This poem was written twenty years ago when first contact was made. It was more a ghost from the past than a skeleton but gradually over further calls it acquired structure and then one magic day it acquired corporeality. I was not there — my partner and I had split up — but I heard about it through others, including my children. Then just last week over New Year we met. This wonderful, warm person is now a part of my life. Thanks to the Marriage Equality Act She is getting married soon to her partner of eighteen years. She thanked me for keeping the lines of communication open and hope alive.
ps that third line in the second stanza still is not right
*have you ever had a skeleton from the closet visit you?
He had a rough time as a kid, a tough time as a teenager, and did hard time as an adult in maximum-security, an ideal upbringing for a Coffin Confessor, a calling Bill Edgar, the author, pioneered.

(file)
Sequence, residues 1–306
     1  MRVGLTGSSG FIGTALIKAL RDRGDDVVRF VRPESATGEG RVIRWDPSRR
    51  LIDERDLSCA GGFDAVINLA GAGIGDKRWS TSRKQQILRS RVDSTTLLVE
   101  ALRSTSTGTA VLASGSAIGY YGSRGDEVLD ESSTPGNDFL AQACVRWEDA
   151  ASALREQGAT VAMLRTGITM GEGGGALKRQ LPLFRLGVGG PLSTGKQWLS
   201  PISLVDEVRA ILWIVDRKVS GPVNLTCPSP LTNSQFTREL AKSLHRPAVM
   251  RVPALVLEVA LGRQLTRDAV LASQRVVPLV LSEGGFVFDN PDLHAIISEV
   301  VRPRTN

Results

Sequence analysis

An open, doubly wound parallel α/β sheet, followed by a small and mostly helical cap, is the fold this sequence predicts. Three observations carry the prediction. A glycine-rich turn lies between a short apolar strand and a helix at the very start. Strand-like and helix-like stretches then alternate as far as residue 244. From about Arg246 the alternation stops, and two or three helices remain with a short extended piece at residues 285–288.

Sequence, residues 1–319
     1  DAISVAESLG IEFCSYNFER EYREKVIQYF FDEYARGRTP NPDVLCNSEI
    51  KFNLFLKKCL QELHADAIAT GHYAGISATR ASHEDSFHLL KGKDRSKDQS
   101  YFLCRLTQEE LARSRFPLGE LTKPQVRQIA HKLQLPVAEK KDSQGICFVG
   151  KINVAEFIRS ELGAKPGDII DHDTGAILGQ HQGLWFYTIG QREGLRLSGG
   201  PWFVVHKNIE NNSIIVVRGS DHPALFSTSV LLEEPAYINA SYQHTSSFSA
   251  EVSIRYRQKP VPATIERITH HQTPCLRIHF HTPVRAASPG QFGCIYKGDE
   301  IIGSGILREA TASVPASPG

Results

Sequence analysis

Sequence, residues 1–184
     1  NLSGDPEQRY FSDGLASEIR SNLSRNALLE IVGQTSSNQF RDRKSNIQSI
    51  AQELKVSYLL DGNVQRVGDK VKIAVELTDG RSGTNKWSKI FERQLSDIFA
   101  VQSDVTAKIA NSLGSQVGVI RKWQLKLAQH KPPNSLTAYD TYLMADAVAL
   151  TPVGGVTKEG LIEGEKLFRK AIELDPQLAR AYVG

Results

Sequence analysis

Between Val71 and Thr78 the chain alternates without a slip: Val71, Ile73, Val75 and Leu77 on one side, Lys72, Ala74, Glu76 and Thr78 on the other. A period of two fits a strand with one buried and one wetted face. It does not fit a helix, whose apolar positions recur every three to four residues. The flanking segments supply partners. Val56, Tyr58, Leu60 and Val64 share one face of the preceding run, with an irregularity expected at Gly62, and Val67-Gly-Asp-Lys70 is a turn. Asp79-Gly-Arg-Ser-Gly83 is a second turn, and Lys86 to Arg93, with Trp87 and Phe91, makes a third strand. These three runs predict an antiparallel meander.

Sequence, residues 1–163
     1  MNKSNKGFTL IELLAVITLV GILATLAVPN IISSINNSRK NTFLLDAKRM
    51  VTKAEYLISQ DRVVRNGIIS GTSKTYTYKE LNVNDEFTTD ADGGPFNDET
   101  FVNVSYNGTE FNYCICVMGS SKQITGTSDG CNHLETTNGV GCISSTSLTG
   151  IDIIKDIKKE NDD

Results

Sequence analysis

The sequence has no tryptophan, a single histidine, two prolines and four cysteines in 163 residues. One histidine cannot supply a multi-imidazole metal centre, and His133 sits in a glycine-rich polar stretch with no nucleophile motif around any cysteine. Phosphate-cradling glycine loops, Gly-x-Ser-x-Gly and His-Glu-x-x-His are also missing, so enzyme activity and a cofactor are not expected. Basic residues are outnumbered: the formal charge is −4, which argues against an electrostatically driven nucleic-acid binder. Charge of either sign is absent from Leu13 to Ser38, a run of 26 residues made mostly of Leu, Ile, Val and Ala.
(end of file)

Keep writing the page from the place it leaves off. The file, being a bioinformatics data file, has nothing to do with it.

You need balls to be a coffin confessor, a job, if you’ll excuse the pun, he fell into. A coffin confessor gatecrashes funerals, and reads out what his client, the deceased, discloses to him on their deathbed. He is entrusted to let the mourners know the bitter truth that has been largely hidden from them all this time. There is always at least one of the mourners who receives a right royal drubbing, a public flogging by the lash of truth.
He3re is his spiel: “Excuse me, but I’m going to need you to sit down, shut up or fuck off. The man in the box has a few things to say,”
You gotta read this book. Every chapter is rivetting.